Adapted from a Chris Claremont storyline, the film finds Logan summoned to Japan to pay final respects to a man whose life he save a lifetime before, during the bombing of Nagasaki. The elderly Yashida (Haruhiko Yamanouchi) brings an interesting offer to Logan – he can remove Wolverine’s mutant power, his healing which ultimately causes the character’s near-immortality. The offer winds up becoming less of a choice and more of something that is forced upon Logan. At the same time, Logan finds himself drawn into a web of intrigue surrounding Yashida’s granddaughter, Mariko (Tao Okamoto). After years of isolating his super-powered self, now Wolverine has to protect the young woman with his powers in decline, facing the Japanese mafia, ninjas, and a few super-powered villains thrown in for good measure, with only the aid of another young mutant, Yukio (Rila Fukushima) who has the not-so-spectacular ability to see the moment a person will die but is incredibly quick with her sword.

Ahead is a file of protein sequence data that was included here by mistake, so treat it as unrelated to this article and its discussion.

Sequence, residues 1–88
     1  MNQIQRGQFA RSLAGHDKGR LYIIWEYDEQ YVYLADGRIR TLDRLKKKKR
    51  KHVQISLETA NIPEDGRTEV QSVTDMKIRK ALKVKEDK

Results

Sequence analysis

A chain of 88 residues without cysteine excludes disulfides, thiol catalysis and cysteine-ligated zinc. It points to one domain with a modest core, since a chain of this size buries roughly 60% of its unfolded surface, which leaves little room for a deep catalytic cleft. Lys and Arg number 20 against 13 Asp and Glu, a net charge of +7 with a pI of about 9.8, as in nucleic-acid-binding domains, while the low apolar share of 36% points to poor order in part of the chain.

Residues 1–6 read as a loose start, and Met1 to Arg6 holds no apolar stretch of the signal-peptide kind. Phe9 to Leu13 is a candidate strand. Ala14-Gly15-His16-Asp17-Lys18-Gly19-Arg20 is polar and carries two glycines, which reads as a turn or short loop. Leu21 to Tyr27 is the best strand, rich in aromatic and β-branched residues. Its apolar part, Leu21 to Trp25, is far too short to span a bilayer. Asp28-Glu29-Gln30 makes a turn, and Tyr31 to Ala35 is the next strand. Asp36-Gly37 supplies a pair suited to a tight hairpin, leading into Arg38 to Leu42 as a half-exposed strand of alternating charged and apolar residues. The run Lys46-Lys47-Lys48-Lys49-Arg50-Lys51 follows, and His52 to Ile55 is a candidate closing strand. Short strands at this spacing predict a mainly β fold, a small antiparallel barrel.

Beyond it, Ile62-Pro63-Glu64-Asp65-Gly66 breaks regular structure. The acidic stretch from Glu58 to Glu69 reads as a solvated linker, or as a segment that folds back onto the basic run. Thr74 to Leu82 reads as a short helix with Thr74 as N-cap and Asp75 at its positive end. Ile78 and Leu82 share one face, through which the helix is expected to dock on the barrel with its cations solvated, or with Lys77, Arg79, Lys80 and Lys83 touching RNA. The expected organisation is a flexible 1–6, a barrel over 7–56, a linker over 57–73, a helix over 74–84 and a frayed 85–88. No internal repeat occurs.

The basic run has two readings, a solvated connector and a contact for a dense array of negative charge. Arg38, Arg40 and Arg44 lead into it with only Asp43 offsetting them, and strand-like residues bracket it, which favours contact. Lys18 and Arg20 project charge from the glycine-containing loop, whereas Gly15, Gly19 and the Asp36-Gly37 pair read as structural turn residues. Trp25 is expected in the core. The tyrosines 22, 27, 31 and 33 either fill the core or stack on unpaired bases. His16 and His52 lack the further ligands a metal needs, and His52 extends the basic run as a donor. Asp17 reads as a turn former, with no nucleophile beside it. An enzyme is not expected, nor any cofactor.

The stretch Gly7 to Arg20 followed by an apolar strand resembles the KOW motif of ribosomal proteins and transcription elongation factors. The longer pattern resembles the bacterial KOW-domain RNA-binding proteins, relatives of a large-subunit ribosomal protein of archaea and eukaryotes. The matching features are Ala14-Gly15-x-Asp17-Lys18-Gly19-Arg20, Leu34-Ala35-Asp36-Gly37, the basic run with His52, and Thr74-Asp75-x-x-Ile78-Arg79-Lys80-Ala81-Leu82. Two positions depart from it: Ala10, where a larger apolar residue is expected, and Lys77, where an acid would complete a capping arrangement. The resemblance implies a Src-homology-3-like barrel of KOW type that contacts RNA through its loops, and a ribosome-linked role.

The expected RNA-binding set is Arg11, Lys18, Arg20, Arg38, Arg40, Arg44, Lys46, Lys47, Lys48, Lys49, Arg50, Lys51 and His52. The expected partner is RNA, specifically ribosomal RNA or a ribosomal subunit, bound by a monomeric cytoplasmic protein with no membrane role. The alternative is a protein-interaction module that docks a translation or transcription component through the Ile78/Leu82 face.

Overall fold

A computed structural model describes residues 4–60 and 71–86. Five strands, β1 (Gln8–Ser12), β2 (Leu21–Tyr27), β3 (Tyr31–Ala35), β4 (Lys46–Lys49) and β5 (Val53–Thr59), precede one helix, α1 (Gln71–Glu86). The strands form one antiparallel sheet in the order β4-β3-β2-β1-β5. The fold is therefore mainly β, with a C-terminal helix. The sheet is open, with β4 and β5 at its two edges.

Wolverine’s personal journey throughout the film is a fascinating exploration of heroism and responsibility and gives Jackman a lot of opportunity to play with a deeper side of the character then we’ve gotten to see before. This is, after all, a figure who has watched his friends, his teammates, and event he love of his life die. Meanwhile, he himself heals so rapidly that death eludes him. Haunted by the death of others, Logan is content to live out his near immortality in the bottom of a bottle, isolated, but there’s still a spark of something within him that is forced to do the right thing when he is needed, whether it’s avenging the mistreatment of an animal or helping Mariko evade kidnappers. That spark is part of Wolverine’s core, completely separated from his superpowers, as we see when he continues to pursue gun-toting mobsters regardless of his healing factor not helping with the gunshots he’s already taken. Instead of Spider-Man’s mantra of “With great power comes great responsibility,” Wolverine finds that the call to duty comes whether you want it to or not, and answering it or ignoring it has nothing to do with having mutant powers. While Wolverine has always been lauded as a gritty anti-hero, Jackman’s portrayal reveals that he’s a good person at heart, regardless of berserker rampages, foul language, or bad attitudes (all of which are equally important parts of Jackman’s Wolverine).